This view of the near future is prompted by a paper by Turner and Pearson of Lotus Engineering, home of the Exige 270E Tri-fuel. They recognise that current racing regs, particularly F1, do not encourage fuel savings or alt tech (or social responsibility). If racing really does improve the breed and we get trickle-down then let it lead the charge to new technology.
The TTXGP at 2009’s Isle of Man TT should be the first opportunity to test the theory… hopefully I will be there.
The paper, “The Application of Energy-Based Fuel Formulae to Increase the Efficiency Relevance and Reduce the CO2 Emissions of Motor Sport”, is available from SAE.
Why stop at racing – if all new vehicles had a inception and lifetime energy limit, based on a common megajoule measure, then manufacturers would rethink their fuel strategies pretty quick.
Posted in Uncategorized
Tagged Bikes, Electric, Engineering, Environment, Fuel, Green, Hybrid, Innovation, Motorcycle, Motorsport, R&D, Sustainability
Through Gizmodo amd Motorcycle Mojo found this unicycle/motorcycle hybrid, the Uno, recently shown at the Toronto Bike show. The inventor is a bright 18year old Canadian guy called Ben J. Poss Gulak who put the bike together without any big company R&D funds. It is two wheeled, with both wheels side by side, steered totally by moving your body weight around and gyro sensors, with electric battery power. Underneath the bodywork is extensively rebuilt Yamaha RI frame.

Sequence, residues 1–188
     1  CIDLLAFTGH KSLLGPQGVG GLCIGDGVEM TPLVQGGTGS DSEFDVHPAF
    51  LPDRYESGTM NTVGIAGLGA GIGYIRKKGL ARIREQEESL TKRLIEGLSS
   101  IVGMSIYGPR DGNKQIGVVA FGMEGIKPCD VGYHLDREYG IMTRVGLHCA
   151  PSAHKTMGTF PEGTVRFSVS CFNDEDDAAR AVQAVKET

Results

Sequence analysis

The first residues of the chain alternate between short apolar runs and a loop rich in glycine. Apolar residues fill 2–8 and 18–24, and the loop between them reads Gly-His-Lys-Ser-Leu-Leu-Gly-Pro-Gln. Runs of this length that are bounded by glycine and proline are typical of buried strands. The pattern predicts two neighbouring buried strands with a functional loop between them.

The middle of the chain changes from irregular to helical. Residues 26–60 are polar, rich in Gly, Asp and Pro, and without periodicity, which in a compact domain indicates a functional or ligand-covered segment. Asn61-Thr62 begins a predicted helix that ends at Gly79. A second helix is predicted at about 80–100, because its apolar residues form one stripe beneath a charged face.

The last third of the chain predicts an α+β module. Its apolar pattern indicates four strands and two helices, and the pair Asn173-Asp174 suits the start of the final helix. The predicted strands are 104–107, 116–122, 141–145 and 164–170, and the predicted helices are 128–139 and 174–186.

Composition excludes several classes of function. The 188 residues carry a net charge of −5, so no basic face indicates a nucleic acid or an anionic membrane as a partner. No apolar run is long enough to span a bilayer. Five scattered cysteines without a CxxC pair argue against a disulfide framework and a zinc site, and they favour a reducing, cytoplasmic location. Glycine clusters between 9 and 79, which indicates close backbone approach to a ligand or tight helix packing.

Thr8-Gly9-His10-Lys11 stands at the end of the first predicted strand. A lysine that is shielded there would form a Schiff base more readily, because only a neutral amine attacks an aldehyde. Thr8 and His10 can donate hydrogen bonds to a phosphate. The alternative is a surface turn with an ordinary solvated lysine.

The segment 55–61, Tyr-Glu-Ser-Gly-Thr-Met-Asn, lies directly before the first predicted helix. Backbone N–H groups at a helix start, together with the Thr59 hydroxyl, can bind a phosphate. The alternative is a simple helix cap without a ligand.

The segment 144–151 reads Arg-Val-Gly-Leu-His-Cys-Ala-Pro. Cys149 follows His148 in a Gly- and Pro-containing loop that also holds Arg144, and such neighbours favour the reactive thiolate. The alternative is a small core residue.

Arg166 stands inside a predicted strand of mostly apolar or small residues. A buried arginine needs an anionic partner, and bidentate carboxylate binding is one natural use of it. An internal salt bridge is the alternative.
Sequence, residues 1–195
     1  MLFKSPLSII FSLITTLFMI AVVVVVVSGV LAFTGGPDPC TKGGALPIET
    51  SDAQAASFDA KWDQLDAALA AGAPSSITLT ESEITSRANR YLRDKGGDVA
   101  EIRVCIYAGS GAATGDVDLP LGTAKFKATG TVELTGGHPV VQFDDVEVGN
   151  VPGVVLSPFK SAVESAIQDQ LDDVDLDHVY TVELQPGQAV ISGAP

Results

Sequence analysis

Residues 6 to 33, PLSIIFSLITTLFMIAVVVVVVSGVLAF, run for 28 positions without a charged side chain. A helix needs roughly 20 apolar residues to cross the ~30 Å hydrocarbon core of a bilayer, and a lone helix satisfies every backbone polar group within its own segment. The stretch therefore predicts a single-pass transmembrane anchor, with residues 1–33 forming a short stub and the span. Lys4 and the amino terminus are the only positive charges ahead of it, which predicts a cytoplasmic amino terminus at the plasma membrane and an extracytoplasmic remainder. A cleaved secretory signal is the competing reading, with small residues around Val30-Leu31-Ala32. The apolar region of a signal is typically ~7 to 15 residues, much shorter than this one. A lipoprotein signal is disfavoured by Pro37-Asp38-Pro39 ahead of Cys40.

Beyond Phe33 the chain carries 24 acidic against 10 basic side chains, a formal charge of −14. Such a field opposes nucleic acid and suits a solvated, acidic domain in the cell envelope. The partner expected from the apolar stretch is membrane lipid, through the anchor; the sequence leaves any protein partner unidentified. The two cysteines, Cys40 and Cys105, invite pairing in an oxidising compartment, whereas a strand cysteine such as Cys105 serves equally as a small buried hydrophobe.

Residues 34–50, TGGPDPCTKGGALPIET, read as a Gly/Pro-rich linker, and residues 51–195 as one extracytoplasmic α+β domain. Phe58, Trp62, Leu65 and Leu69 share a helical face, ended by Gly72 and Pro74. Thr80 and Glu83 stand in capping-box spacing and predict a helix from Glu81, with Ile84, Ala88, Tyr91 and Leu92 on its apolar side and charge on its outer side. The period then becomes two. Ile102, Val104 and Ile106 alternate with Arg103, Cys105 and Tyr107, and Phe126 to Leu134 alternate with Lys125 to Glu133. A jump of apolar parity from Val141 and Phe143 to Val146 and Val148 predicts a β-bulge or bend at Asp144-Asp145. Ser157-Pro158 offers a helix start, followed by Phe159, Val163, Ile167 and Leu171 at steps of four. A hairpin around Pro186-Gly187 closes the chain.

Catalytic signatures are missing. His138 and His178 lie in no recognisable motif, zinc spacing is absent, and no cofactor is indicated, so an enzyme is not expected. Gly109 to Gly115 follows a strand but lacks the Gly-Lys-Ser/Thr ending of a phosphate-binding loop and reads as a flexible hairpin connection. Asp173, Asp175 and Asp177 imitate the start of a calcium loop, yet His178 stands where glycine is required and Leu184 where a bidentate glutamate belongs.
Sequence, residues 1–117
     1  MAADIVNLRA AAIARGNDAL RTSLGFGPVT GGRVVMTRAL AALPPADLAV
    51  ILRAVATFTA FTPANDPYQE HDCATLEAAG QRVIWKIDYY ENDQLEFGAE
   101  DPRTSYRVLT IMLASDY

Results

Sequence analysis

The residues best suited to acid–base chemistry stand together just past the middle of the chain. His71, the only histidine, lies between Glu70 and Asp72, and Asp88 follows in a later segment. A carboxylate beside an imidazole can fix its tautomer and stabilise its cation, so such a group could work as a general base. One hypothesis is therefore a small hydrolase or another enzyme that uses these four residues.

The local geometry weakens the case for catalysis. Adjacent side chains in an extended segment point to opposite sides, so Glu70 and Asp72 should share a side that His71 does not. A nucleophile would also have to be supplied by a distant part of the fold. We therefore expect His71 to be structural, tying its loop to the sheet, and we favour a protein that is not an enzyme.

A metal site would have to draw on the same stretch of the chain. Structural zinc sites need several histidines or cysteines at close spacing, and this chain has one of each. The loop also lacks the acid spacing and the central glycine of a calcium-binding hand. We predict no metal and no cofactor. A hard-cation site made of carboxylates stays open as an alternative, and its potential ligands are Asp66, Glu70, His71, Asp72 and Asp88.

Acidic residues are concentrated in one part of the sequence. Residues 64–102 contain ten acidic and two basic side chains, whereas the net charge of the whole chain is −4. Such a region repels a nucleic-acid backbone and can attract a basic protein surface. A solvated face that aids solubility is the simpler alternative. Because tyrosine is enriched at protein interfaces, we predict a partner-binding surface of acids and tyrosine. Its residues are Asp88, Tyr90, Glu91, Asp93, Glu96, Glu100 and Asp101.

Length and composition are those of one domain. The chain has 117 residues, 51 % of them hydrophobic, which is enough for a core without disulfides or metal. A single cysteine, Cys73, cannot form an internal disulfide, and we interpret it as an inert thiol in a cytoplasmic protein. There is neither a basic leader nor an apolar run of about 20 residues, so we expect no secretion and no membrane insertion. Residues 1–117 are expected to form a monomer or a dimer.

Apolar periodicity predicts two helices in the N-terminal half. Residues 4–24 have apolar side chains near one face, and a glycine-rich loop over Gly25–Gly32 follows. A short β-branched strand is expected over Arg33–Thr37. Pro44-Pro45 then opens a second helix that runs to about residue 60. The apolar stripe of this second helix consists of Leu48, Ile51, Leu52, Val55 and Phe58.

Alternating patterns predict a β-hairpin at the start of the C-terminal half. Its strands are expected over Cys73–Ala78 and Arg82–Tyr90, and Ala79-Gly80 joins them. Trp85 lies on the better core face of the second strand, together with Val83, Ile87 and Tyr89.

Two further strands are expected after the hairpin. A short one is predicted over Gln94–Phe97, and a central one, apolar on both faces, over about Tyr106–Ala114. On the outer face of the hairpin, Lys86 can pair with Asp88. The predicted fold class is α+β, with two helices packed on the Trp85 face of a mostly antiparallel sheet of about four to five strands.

As a toy and a stunt show special fine but wouldn’t the perceived instability would put off both existing bikers and car drivers – maybe Segway owners would see it as a next step up from their machines? So its niche, but still glad someone has done it (and I would certainly have a go on one if it enters full production).
I have had decent sat nav for 6 months now and today instead used a road atlas to enjoy a retro moment – finding my way around several bike dealers within 100 miles of my house. So what did we learn?
- there are some interesting back roads in Buckinghamshire, some muddy and infested with tractors
- with road atlas scales size does matter – no more than 3 miles to one inch
- as does being up to date – if you buy a 2008 titled atlas it was issued in August 2007 and based only on the roads known to man (and the O/S) some months earlier – although with the lack of investment in new roads you shouldn’t get caught out too often…
As a geographer and a map anorak but also a gadget fan this fundamental dichotomy causes me sleepless nights 🙂
And the holy grail was found north of Aylesbury:
The first Motorway High Occupancy Vehicles Lane launched today by Ruth Kelly, following considerable buildup. There have been HOV lanes before in the UK, notably in and around Bristol, but this is perhaps the first high level commitment to the concept. Whether saving 6 – 8 minutes per morning commute is enough to get commuters to car share is questionable, but for existing car sharers, buses, etc. will get them into the HOV lane and release some capacity for the rest. The better use of existing assets is very much the flavour of the month with government and HA, but of course without medium to long term substantial behaviour change we are only buying time at huge expense (green points made, now back to normal service)
Nice touch – “motorcyclists will also be able to use it whether carrying passengers or not”
(And have a look at the M606 review on “pathetic Motorways” – one of my favourite sites!)